This next article is a really good one:

"Another group of scientists at the University of California, San Francisco, sent a letter to the President's science and technology adviser arguing that the X-ray scanner poses a greater risk than medical X-rays and the radiation absorbed during a flight. In those two cases, the radiation is distributed evenly throughout the body, the doctors say. The radiation from the scanners, however, is embedded in the skin, resulting in a higher concentration of radiation in a given area.

Questions remain including how the X-ray scanners will affect frequent flyers (including businessmen and flight attendants who could go through security anywhere from 200 to 400 times a year), children, pregnant women and travelers with weakened immune systems. There is also a question of what could happen should a machine get stuck or fail, potentially blasting one point on a person's body with excess X-ray radiation.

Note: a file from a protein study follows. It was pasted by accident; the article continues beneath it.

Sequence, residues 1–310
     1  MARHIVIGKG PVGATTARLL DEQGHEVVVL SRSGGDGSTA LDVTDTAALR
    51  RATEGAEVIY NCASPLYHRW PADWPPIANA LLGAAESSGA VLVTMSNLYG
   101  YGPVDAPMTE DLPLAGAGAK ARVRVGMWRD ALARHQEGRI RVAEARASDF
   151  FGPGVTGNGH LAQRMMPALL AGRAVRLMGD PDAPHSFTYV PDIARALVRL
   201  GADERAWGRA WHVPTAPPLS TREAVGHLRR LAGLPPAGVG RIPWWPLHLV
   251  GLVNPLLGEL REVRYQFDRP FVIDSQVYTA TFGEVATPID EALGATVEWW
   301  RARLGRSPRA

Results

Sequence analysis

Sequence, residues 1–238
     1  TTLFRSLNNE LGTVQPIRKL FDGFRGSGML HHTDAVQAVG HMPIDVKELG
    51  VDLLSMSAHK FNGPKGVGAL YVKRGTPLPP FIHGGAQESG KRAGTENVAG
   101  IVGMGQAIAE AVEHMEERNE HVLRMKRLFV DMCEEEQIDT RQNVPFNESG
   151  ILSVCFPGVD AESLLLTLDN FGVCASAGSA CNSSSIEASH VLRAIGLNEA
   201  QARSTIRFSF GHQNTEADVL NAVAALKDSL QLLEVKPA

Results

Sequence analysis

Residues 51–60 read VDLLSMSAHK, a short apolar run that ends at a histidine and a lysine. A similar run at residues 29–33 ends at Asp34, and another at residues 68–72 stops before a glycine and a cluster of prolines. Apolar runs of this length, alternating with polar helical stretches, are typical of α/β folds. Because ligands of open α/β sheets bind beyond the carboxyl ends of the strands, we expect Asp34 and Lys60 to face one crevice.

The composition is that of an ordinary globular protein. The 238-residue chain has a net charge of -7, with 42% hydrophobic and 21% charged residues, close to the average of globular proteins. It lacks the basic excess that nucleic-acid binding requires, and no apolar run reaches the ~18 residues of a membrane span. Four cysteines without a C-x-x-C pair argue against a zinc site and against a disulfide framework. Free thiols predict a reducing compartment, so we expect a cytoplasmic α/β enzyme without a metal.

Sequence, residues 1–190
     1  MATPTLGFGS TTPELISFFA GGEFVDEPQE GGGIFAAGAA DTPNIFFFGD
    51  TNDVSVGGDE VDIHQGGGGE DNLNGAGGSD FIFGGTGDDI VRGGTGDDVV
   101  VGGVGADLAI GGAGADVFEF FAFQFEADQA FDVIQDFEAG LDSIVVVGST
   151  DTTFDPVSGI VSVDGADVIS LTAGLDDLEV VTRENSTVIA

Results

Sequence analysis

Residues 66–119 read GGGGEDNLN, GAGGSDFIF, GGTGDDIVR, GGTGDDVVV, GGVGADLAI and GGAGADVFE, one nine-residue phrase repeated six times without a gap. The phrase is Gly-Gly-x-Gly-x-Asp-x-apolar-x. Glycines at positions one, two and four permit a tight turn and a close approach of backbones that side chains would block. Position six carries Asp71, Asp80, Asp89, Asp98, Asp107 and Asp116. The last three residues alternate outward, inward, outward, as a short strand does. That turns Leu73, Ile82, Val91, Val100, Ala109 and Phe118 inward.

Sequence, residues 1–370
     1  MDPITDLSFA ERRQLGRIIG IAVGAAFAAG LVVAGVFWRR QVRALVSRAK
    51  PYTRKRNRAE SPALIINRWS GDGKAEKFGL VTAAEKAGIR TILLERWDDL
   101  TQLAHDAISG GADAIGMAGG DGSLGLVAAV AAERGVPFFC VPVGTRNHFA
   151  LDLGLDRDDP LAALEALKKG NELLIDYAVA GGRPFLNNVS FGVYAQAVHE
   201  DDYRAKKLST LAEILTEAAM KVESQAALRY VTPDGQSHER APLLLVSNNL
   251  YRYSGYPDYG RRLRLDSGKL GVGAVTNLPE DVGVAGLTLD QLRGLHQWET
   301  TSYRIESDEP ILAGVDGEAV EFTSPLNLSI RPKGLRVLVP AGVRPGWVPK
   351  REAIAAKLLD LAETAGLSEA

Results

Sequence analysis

The good news about scanners: Millimeter wave scanners, which are also in use at airports around the country, use very far infrared waves, waves at the opposite end of the electromagnetic spectrum from the dangerous ionizing radiation of X-ray waves. X-rays are shorter waves that can penetrate the skin and alter DNA. Millimeter waves, by contrast, are longer waves that penetrate clothes but stop at the skin. The millimeter scan is akin to a heat lamp and is considered to be far safer than X-ray scanners."